As the supplier, it's your right to set your own terms: how much, when, by which method, into which account and in which currency. I repeat: that's your right, not the client's, Think back to whenever you've contracted anyone to do anything: alter clothes, design a website, install a kitchen...

Of course, particularly when the client is in another country, it always pays to be flexible. This means negotiating the best deal. But no, I don't agreee that it's normal for anything to be deducted from your invoice - not one single cent/centime/penny. If your client agrees to give you their work, they agree to pay your invoice in full.

That doesn't mean you will necessarily receive 100%. Banks at both ends may make charges, PayPal will make a charge, etc. Your client pays to send the money; you pay to receive it. That's what's normal.

The flexibility could involve using PayPal for small amounts and wire transfers for larger amounts, or it could mean monthly invoicing, or holding off invoicing until a certain threshold is reached (or a certain time limiit, whichever arrives first).

But I think it's fundamental and worth repeating loud and clear: your invoice is payable in full.

What's the client going to expect if you do a small job? Payment from you? It's absurd. Mind you, even if each party pays their own fees (by far the most common arrrangement) you could end up receiving very little, hence the need to negotiate the best deal for both parties.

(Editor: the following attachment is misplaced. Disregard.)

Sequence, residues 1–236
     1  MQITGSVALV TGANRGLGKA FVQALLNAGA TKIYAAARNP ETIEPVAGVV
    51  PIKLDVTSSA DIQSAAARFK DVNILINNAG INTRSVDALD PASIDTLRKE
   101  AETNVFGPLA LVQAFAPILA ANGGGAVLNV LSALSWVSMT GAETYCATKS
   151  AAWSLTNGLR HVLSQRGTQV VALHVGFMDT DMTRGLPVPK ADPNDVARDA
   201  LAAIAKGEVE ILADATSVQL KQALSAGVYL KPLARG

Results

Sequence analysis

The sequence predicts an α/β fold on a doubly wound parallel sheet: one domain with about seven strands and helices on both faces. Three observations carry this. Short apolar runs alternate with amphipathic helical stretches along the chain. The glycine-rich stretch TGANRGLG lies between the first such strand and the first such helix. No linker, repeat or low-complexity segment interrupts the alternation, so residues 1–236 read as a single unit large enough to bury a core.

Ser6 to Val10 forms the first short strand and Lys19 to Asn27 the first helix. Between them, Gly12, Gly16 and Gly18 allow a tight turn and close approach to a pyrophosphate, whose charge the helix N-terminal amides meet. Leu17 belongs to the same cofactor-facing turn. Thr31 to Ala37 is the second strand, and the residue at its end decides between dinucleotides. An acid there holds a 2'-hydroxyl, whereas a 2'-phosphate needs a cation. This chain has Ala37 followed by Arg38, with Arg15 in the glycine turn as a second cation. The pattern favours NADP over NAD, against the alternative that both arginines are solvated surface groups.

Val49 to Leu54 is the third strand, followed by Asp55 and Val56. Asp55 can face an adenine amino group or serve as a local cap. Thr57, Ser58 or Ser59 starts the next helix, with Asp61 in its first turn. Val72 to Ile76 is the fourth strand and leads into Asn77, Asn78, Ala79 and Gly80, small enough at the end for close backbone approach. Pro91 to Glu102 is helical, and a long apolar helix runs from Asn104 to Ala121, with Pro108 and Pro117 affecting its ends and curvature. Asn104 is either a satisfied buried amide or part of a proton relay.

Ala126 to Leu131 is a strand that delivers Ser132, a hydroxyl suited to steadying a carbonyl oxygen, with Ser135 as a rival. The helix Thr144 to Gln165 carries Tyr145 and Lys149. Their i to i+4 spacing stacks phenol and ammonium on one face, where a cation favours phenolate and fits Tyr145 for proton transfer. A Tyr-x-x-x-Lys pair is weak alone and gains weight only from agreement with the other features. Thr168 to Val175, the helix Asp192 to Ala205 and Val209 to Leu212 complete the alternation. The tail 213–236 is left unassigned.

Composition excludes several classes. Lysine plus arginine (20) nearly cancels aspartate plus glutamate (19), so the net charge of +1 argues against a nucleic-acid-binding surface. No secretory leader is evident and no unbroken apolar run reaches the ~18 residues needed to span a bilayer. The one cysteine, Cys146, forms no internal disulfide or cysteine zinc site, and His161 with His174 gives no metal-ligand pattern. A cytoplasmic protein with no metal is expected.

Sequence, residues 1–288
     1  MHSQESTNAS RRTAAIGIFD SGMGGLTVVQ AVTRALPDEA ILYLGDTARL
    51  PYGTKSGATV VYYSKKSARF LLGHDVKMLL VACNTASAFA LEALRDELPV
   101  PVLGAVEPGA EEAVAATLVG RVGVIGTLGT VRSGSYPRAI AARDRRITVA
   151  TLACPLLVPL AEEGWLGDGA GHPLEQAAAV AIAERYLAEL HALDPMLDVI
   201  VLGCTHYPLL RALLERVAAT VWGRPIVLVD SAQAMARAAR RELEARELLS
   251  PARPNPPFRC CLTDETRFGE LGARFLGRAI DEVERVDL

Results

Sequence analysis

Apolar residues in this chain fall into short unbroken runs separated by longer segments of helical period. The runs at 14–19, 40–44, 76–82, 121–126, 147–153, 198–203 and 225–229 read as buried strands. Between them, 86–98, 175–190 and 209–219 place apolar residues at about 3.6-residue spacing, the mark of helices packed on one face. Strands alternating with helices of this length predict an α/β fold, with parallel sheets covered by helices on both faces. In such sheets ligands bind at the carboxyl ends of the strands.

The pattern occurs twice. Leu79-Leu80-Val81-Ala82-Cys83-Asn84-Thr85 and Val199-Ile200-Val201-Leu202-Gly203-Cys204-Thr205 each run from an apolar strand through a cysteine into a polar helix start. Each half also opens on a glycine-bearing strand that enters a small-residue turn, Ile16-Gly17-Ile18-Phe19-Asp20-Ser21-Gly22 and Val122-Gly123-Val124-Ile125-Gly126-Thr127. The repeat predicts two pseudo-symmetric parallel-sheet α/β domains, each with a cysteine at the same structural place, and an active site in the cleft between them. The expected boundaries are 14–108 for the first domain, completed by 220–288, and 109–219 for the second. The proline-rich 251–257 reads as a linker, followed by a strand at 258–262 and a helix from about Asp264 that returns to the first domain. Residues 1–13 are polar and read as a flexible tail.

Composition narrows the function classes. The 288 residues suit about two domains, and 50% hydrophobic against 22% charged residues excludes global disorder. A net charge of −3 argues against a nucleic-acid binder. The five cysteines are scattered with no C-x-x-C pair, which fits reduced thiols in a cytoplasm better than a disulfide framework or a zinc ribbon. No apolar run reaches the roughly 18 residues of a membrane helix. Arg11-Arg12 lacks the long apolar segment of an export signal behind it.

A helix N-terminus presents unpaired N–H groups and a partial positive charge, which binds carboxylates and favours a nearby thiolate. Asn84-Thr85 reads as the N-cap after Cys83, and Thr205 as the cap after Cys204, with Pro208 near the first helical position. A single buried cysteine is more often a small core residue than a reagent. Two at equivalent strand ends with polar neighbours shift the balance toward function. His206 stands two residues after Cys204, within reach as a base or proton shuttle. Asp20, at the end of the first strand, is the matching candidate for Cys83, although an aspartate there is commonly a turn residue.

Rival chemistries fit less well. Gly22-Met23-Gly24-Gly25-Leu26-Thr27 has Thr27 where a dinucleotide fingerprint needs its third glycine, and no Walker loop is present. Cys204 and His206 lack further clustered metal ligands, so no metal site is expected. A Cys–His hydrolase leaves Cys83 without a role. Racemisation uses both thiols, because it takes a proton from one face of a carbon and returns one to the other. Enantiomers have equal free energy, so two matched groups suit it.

sonjabizjak  Identity Verified
Canada
Local time: 04:02
English to German
+ ...
TOPIC STARTER
Thanks a lot for your replies!!! Jun 21, 2014

Thanks to all of you - your replies were very helpful!!! Thanks a lot to Sheila Wilson - it really helps how to go about things and not just do everything your client wants. Thank you

 

philgoddard
United States
Member (2009)
German to English
+ ...
This highlights the big differences between the European and US banking systems. Jun 21, 2014

In the UK, where I come from, everyone pays everything by wire transfer, and domestic transfers are fast and free.

In the US, where I live, my customers pay by check. The checks pile up on the table and are usually covered in coffee stains by the time I pay them in to the bank three months later.

Anyway, I think the rule is perfectly simple: the customer pays their bank charges, and you pay yours.


 

Łukasz Gos-Furmankiewicz  Identity Verified
Poland
Local time: 13:02
English to Polish
+ ...
... Jun 23, 2014